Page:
Stephen King’s It

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This blog entry is not really going to be about cartoons, but rather about something that will always be linked to cartoons: childhood. Comparing and contrasting childhood and maturity has always interested me; in fact, it’s one reason I started this blog in the first place, to look at childish entertainment and see how it stacked up against more mature forms of media. The theme of childhood and adulthood has also inspired a great number of novelists as well: To Kill A Mockingbird is told from the point of view of an adult looking back on her life and revolves around the life lessons given to her by her father, Alice in Wonderland is about, among other things, how confusing the world of adults is to a young child.

And then we have Stephen King’s It, a novel about a “Loser’s Club” of seven children – Bill the stutterer, Ben the “fat boy”, Beverly the sole girl, Eddie the mother’s boy, Mike the sole black member, Richie the goofball and Stan the logical – who defeat a shapeshifting monster known as “It ” – who mostly appears as a clown called Pennywise – in their childhood and must defeat it again in their adulthood. From this conflict springs the themes of childishness and maturity and power of the close bond between friends.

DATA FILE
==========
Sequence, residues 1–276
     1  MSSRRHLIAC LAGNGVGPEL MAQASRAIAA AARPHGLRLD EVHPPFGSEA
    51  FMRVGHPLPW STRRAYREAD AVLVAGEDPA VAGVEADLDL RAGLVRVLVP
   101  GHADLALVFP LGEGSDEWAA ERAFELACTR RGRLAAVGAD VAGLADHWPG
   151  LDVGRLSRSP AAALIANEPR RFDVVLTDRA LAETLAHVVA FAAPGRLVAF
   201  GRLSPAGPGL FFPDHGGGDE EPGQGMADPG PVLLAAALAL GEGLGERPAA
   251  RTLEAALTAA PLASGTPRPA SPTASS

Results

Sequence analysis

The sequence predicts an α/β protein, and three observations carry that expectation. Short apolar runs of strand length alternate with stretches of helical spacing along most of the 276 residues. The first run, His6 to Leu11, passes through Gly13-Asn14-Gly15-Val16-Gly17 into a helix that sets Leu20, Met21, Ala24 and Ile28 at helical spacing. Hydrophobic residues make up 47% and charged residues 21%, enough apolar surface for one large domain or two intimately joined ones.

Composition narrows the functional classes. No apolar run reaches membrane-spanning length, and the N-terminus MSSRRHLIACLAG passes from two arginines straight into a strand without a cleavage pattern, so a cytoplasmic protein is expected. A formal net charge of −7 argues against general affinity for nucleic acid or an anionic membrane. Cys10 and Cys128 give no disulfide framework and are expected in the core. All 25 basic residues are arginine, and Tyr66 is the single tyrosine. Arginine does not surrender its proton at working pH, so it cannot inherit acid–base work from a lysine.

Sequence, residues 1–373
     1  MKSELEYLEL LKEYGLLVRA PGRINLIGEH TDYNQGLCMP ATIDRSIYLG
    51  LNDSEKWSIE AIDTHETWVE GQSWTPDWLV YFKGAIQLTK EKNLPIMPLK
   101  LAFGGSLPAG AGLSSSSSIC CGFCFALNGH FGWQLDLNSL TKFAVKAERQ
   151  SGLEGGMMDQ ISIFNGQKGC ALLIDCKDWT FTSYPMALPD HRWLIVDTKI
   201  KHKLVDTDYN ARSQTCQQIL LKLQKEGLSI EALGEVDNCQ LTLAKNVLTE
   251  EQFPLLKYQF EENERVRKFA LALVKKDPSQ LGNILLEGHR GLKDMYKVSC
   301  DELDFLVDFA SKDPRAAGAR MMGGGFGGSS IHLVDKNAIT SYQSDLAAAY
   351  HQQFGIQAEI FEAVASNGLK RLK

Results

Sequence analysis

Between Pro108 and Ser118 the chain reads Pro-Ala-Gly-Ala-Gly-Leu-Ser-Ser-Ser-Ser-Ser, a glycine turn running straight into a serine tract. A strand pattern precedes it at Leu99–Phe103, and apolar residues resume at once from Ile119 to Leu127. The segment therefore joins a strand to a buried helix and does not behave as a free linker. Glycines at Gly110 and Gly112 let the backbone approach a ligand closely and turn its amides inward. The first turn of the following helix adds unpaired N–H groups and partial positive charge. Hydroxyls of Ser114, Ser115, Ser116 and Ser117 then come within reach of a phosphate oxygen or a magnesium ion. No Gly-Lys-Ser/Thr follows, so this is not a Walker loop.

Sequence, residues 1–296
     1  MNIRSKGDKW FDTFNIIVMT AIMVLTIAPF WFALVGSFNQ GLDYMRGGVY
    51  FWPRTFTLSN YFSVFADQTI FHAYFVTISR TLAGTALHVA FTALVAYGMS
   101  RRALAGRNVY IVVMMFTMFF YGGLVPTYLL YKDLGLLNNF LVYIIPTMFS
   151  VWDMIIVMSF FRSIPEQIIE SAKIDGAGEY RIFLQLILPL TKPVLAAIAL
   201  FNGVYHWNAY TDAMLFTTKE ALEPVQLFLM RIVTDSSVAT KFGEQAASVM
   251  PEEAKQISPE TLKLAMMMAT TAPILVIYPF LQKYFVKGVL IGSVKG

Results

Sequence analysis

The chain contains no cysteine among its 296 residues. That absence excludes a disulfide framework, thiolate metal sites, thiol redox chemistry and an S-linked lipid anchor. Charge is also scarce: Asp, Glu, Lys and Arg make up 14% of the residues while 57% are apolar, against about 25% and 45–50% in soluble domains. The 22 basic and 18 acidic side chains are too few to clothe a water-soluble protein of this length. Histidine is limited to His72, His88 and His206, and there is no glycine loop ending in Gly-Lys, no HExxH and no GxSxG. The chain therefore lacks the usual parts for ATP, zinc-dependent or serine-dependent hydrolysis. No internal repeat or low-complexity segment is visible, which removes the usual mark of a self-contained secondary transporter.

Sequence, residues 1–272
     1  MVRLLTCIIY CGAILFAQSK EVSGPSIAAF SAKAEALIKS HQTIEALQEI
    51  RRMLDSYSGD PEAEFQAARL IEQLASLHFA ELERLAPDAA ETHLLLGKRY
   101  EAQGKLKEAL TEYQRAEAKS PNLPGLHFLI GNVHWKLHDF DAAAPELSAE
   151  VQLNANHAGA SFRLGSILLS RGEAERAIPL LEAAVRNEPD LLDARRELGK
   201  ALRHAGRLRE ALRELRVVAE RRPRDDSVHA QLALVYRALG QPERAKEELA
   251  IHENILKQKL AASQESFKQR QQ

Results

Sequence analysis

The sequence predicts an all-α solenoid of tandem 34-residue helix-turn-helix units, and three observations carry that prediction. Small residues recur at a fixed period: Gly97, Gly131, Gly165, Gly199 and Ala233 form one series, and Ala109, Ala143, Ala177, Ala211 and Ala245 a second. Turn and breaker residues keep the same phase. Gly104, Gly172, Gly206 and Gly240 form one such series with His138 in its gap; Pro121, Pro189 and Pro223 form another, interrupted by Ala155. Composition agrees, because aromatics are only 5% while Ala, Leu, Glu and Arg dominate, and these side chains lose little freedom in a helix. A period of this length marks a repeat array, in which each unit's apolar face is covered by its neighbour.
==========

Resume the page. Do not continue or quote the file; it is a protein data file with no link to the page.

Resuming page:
I’m not saying It is in the league of the aforementioned Mockingbird and Alice – it does end with a giant alien spider, after all – but it is one of King’s more interesting works (and one of his longest too, damn thing’s near 1000 pages). Despite the fact there are some elements of it that are a bit iffy (those who have read it know what I’m talking about), it still remains a truly atmospheric and well-written story, incorporating elements of a stream-of-consciousness memory, personal anecdotes and even bedtime stories (with its constant Billy Goats Gruff imagery). The connection to the past and the present is well-portrayed and the titular being’s presence is always felt.